It has been immensely amusing to watch news analysts vacillate between characterizing Romney-Ryan as right-wing extremists and as opportunists willing to do anything or say anything to win an election. As should be obvious, these perspectives are very much in tension with each other.
One can of course imagine a scenario in which an opportunist will say anything to get elected and will then act as an extremist. This is a popular critique of the Obama administration. The more potent critique of the Obama administration, in my view, is that it has pursued a broadly social democratic and environmentalist agenda — tax expenditures focused on the low-income and middle-income households rather than rate cuts designed to improve work incentives, coverage expansion, health care cost control via administrative price-setting, an industrial policy devoted to curbing coal-fired power generation and to promoting renewables, etc. — while doing what it can to contain the political backlash that might result from going too far beyond centrist public opinion, hence the abandonment of more ambitious ideas, e.g., substantial tax increases relative to current policy, carbon pricing, more aggressive and explicit administrative price-setting, and so forth. Ryan Lizza’s reporting on President Obama’s possible plans for a second term suggest that he might pursue some of the ideas in this second bucket, which makes perfect sense.
By analogy, it seems likely that a Romney-Ryan agenda would be similarly constrained by public opinion, just as the Reagan administration was constrained in its efforts to, among other things, federalize Medicaid while assigning state governments exclusive responsibility for K-12 education and welfare expenditures (the “swap”), reform Social Security Disability Insurance by tightening eligibility standards, among other initiatives that were abandoned or scaled back. Some of the more outlandish criticisms of Romney-Ryan rest on the premise that a Romney White House would be indifferent to public opinion. But even if a Romney administration were as indifferent to public opinion on some discrete issues as the Obama administration was on the subject of its coverage expansion effort, it is hard to imagine the nightmare scenarios invoked by former President Bill Clinton and other Democrats actually materializing.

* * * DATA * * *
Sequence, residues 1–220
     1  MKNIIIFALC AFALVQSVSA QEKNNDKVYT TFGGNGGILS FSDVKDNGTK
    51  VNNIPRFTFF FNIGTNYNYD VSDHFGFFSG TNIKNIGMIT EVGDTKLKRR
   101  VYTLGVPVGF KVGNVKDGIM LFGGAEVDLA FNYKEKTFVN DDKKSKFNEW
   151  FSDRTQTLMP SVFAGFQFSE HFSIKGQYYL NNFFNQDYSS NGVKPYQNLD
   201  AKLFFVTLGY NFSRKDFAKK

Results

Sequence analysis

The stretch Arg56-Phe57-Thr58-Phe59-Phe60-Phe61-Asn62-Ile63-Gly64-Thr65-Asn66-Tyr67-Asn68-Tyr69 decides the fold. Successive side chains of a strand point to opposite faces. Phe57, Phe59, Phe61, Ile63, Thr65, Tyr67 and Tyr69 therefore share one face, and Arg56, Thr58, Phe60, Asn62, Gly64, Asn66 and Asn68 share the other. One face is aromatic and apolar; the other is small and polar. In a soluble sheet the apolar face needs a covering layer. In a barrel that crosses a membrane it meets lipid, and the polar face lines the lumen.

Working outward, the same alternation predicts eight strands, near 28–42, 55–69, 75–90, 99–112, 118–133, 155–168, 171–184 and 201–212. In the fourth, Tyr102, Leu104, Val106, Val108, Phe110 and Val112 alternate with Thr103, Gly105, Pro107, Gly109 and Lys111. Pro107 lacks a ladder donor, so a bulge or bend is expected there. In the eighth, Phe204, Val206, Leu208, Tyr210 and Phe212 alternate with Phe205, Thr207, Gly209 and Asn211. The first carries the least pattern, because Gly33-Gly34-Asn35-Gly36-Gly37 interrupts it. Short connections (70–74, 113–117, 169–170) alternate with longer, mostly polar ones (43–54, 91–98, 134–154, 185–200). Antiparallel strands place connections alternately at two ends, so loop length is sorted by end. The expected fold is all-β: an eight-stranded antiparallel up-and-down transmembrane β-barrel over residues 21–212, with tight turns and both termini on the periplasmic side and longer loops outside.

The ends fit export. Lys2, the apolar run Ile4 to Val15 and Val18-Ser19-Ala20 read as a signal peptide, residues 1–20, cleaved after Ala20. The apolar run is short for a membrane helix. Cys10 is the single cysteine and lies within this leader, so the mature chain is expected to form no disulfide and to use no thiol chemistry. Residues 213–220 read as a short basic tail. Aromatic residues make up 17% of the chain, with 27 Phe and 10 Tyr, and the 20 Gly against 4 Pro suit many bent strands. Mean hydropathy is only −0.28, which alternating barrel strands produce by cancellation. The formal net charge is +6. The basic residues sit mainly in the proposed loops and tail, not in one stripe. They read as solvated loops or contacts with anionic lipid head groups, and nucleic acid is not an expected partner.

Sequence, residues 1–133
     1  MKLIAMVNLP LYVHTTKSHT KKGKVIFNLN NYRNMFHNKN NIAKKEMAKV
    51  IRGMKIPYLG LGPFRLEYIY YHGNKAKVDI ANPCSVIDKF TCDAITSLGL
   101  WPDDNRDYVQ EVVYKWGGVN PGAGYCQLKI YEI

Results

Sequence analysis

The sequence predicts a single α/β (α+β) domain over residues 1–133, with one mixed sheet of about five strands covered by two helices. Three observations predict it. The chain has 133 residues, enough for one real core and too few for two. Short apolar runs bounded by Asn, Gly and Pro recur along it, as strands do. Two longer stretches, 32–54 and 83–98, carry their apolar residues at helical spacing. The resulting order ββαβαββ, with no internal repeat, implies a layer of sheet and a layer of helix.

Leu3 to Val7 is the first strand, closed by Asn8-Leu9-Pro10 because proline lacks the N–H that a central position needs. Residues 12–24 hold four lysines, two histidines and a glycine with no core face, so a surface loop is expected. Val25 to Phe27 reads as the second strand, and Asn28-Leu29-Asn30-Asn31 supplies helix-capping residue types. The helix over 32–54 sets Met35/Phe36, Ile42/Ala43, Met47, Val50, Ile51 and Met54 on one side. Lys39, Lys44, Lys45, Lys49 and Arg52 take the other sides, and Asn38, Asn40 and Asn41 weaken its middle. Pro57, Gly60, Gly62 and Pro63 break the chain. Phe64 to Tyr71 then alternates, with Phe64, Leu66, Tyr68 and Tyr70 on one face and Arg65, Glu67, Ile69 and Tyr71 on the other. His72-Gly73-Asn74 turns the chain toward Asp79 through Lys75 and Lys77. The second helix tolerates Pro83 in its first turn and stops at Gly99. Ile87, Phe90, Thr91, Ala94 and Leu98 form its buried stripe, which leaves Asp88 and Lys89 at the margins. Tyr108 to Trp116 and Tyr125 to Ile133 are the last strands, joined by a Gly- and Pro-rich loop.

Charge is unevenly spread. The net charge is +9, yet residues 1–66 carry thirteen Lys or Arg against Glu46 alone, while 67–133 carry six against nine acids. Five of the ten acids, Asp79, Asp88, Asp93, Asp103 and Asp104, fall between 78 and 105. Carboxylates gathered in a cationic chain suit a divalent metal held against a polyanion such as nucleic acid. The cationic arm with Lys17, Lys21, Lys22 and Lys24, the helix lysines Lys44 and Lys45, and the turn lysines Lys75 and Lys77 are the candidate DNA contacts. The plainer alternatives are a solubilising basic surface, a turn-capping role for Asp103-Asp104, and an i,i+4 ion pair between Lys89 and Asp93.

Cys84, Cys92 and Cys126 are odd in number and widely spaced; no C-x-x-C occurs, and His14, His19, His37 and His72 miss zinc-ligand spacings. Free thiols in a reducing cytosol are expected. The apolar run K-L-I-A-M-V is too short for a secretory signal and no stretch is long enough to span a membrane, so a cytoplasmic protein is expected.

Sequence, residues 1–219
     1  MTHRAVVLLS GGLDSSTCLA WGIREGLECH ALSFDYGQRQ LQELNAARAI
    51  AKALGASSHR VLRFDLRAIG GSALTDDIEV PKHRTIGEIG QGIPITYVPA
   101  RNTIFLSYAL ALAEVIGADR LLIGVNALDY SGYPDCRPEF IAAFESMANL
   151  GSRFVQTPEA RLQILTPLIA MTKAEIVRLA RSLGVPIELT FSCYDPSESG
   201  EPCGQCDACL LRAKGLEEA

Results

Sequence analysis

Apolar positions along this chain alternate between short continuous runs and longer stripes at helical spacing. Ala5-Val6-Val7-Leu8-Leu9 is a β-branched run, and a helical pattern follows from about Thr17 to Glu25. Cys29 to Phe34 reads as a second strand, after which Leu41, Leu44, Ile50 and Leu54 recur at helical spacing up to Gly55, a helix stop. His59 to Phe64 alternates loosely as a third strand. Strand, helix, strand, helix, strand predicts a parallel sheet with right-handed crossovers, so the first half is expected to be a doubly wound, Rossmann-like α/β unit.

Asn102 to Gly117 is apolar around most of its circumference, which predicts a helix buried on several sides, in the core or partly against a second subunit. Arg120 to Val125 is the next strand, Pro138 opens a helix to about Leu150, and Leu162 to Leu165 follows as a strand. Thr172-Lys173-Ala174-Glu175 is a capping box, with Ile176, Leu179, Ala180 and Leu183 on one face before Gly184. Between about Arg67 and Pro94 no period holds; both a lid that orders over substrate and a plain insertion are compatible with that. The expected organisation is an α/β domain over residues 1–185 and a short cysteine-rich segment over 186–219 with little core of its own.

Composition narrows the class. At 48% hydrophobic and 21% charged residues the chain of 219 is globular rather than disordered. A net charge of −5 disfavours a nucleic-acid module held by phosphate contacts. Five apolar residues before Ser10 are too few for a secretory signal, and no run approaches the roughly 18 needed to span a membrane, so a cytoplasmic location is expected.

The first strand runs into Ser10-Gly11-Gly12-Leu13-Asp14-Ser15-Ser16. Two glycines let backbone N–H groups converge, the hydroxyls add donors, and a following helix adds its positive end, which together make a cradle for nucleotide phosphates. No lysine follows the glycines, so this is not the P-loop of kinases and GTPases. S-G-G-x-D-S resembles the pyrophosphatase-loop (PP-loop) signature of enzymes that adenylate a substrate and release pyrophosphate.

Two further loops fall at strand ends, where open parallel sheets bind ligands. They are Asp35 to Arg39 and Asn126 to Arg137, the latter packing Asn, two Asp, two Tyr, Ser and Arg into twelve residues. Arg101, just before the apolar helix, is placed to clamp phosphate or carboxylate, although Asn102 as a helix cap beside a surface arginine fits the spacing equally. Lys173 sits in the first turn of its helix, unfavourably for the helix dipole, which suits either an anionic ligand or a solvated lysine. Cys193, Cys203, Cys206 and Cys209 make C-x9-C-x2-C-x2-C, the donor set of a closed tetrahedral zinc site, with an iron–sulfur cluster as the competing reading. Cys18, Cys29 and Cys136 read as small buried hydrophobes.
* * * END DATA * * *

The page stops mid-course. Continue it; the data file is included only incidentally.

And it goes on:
Recently, Mitt Romney restated a number of positions those of us who’ve been paying attention have known about for some time in an interview with NBC’s Meet the Press, as the Associated Press reports. He noted that his health reform plan would seek to “make sure that those with pre-existing conditions can get coverage,” and that he agreed that young adults should be allowed to remain covered under their parents’ health insurance policies. He also said that “we’re not going to have high-income people pay less of the tax burden than they pay today,” i.e., his tax reform will aim to maintain the current progressivity of the federal personal income tax.
Romney’s unremarkable remarks are being treated as significant concessions or retreats from his stated views. They are not. This isn’t to say they are wise, e.g., I’m not sure imposing a mandate that private insurance coverage must cover adult children is a good idea, particularly if it makes private insurance coverage substantially more expensive.
Tyler Cowen offers a somewhat different take. He believes that a Romney administration would preserve something like the individual mandate under a different name. My own view is that a solution that featured default enrollment with an opt-out provision, as in Scott Winship’s “citizen benefits” model, would be perfectly acceptable.